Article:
These principles were developed at Penn State’s World Campus. This special report from Distance Education was written by Lawrence C. Ragan, PhD. Dr. Ragan begins with a quote from a faculty member who says, “if you don’t tell us what is expected, how will we know what to do to succeed?”
Show Up and Teach means that faculty must actively participate in the class. Practice Proactive Course Management Strategies stresses ways that faculty can manage teaching and learning activities, so that students can be successful and faculty will not be overwhelmed. Establish Patterns of Course Activities points out the importance of establishing and maintaining predictable patterns in an online course. Plan for the Unplanned suggests ways to plan ahead for emergencies. That is, faculty should let students know in advance how emergency messages will be communicated. Response Requested and Expected discusses a “reasonable” time frame for responding to student questions. Students should not expect 24/7 faculty availability, but the faculty member should let them know how long they need to wait for a response. Think Before You Write includes lots of ideas such as the use of rules of netiquette, clear directions for assignments, a frequently asked questions (FAQ) area, and more. Help Maintain Forward Progress stresses clearly defined assessment strategies and timely feedback. Safe and Secure recommends that all course-related communication between the instructor and students occur within institutionally maintained and supported communication systems. Quality Counts has to do with the course content. (Double) Click a Mile on My Connection has to do with connection speeds and, perhaps more importantly, that the faculty must understand the learning management system from a student’s perspective.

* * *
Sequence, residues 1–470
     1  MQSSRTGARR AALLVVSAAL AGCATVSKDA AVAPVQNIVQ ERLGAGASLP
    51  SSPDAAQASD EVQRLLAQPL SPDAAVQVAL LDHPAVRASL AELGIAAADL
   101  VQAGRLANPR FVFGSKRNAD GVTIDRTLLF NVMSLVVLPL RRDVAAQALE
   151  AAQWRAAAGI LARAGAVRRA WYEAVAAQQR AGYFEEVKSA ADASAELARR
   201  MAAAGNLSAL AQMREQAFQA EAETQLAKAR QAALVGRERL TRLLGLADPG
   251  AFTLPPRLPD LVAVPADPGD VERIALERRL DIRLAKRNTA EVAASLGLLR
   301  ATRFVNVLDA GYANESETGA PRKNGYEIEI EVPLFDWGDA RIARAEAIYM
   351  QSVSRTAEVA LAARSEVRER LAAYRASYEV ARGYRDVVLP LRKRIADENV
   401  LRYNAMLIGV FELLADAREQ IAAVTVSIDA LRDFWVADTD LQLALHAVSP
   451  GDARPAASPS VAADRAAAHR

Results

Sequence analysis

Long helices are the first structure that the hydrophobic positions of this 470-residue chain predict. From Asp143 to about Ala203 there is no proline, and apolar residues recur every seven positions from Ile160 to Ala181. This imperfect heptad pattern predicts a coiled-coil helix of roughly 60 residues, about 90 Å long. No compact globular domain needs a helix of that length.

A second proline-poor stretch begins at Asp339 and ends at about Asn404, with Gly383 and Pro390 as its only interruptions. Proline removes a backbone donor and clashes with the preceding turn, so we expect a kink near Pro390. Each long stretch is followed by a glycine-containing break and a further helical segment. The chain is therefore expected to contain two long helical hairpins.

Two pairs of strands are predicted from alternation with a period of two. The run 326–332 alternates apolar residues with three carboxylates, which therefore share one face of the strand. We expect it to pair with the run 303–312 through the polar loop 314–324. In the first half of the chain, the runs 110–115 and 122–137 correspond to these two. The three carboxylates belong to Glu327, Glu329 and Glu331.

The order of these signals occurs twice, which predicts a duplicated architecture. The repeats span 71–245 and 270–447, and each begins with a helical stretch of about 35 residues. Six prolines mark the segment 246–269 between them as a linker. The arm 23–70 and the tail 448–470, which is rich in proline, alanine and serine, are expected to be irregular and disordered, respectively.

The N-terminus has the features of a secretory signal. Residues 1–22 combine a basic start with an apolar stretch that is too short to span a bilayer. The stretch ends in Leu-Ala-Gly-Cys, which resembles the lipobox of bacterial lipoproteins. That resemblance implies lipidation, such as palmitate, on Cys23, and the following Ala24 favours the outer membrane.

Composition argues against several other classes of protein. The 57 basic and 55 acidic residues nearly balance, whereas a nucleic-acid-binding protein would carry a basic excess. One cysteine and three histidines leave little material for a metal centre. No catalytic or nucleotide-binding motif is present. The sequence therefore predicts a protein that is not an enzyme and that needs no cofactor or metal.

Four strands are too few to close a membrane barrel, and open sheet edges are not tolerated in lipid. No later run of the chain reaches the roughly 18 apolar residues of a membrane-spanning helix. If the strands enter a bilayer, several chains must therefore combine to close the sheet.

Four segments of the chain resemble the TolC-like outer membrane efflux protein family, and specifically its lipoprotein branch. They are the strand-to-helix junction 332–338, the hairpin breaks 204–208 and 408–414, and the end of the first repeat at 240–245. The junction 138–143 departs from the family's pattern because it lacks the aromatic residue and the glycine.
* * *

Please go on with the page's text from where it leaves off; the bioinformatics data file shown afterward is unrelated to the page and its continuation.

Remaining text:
Remember, at Granite State College, your instructional designer can help you design your course to use these 10 principles of effective online teaching.